Random Thoughts from the Office: June 25, 2010

A very interesting week around the Australian offices of Clarence Mason, Attorney at Law this week. A new Prime Minister, the drama of the World Cup....

This is the game that doesn't end
Yes it goes on and on my friend
Some people started playing it not knowing what it was
And they'll continue playing it forever just because

Thanks Vyse

You're probably wondering why I'm bringing all that up and not actually talking about wrestling. To which I'd answer: if you're looking for wrestling on a site about Wrestlecrap Radio you've come to the wrong place, but please stay and have fun. Secondly it does raise a point that got me thinking this week.

Is it me or has a lot of the drama gone from wrestling? I mean, I hate to sound like one of the "Grumpy Old Schoolers" but it seems to me like a lot of wrestling nowadays is very lacking in the drama portion. Not that there haven't been dramatic moments. The NXT invasion, the perfectly done buildup to Undertaker-Shawn Michaels II, even the way TNA used AJ Styles before he won the title at No Surrender last year. There have been moments, but on the whole wrestling just seems to be lacking that one aspect that was so crucial in the mid to late 90's and even before that.

Think back to Wrestlemania III, Hogan vs Andre, the whole ripping off of the cross on Piper's Pit, Andre eliminating Hogan from the Battle Royal on Saturday Night's Main Event, it was all built to make it look and feel like Hulk Hogan didn't have a prayer in the world of beating Andre the Giant. And of course the rest is history, the ultimate case of Booking 101: make a situation where it seems like the babyface has no chance and get the fans behind him and it will make his ultimate victory, because this is wrestling and Good MUST triumph over Evil in the end, all the sweeter.

That's what killed WCW. Yes I know as well Vince Russo's ineptitude but I maintain he merely quickened the demise. The real cause of death started when the nWo angle began and specifically Starrcade 1997. The one chance to get the babyfaces' ultimate payoff, Sting was finally going to defeat Hollywood Hogan and bury the nWo once and for all...but being WCW they blew it. Whether through bad luck or bad booking, there was no big payoff for the fans who'd invested their time and the cracks would soon appear.

A lot of that was due to what the WWE was doing at the time with Austin vs McMahon. The common man, everyday, beer drinking, ass kicking redneck Stone Cold against the epitome of Corporate America Mr. McMahon. It was the story that carried the WWE right through the Attitude Era, a storyline that lasted just as long as the nWo in WCW, if not LONGER. Yet people never really complain about Austin vs McMahon whereas the nWo angle is pointed to as one of the key factors in WCW's Rise AND Fall. Why is that? How can two wrestling angles run side by side for so long and yet have such different opinions of them at the end? Because of Booking 101: Austin got his revenge, he triumphed over the insurmountable odds each and every time, which would infuriate Mr. McMahon and as such he'd make the obstacles higher. And sure, Austin fell a couple of times, lost when everyone believed he would do it again, but that just drew the fans in more.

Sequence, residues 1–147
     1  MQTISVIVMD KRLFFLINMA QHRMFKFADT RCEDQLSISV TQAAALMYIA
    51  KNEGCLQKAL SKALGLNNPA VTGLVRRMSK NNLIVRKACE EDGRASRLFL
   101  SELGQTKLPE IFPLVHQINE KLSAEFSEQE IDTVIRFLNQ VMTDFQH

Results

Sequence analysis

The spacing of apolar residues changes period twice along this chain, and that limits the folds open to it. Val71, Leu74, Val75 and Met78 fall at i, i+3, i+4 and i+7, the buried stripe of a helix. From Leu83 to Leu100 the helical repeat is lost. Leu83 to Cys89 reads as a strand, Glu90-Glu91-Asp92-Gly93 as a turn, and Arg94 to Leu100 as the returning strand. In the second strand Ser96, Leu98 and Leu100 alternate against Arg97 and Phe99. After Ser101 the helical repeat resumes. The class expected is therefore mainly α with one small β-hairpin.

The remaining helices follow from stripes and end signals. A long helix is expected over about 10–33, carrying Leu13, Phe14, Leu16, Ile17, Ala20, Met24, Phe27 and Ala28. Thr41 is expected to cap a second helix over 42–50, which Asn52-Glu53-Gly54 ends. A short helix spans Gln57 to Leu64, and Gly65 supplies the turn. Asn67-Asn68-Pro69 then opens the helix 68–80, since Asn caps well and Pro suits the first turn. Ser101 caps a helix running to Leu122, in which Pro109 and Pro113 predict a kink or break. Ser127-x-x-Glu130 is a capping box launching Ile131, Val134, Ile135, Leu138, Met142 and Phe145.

Compare that to the nWo. Looking back in my memory at least, it's tough to remember one time the babyfaces actually got their revenge on them. The nWo ran roughshod over the whole organization for years and the ONE guy who the fans wanted to see destroy the nWo singlehandedly, their Stone Cold if you will, Goldberg, was pretty much kept away from them in the semi-main event.

It's a key mantra often in the wrestling business: if you can make fans suspend their disbelief and become emotionally involved in a storyline you can laugh all the way to the bank. Look at today by comparison, and for this I'll bring up Michaels-Undertaker again, a rematch of quite possibly the greatest Wrestlemania match ever yes but a rematch nonetheless. There really shouldn't have been such rabid fan interest in the match, but because of the way the WWE built it, the chase of Shawn to get the match, the way Taker played it off when he finally didn't see a choice, the way the WWE made some of the best video packages ever to build it... While most people I'm sure deep down knew that Taker's streak wasn't going to be broken, at the same time they couldn't see Shawn retiring. The result? Suspension of disbelief. Shawn in the eyes suddenly went from no chance to an equal chance. And it made for that pretty much equalled what happened last year, a feat no one believed could happen.

The problem is of course that is but a flash in the pan and most storylines in WWE and TNA are very predictable nowadays, so there's no real chance for attachment. So what's the solution? For WWE I'm not sure there is one, plus they've proven they can still do it when they need to.

TNA on the other hand may have a solution, if the rumors are true. By limiting the number of Pay Per Views and using Impact and 3 hour Spike TV Specials to build storylines into an epic saga, they have a chance to hook a lot of the wrestling audience by building big storylines. They can do it, the Main Event Mafia storyline of last year proves that, and with the minds of Bischoff, Hogan and Russo they have a good chance to actually make it happen. It will take something that Hogan and Bischoff haven't shown a lot of yet though: patience. TNA is not going to become an overnight success, the wrestling world is too far gone for that. However, by setting the groundwork now, in three to five years we may see TNA finally become what everyone deep down wants them to be, a real competitor for the WWE.

I mean if RD and Blade can get people hanging out for the reveal of "John Smith" then it can't be that hard for TNA right?

Clarence "Showstealer" Mason

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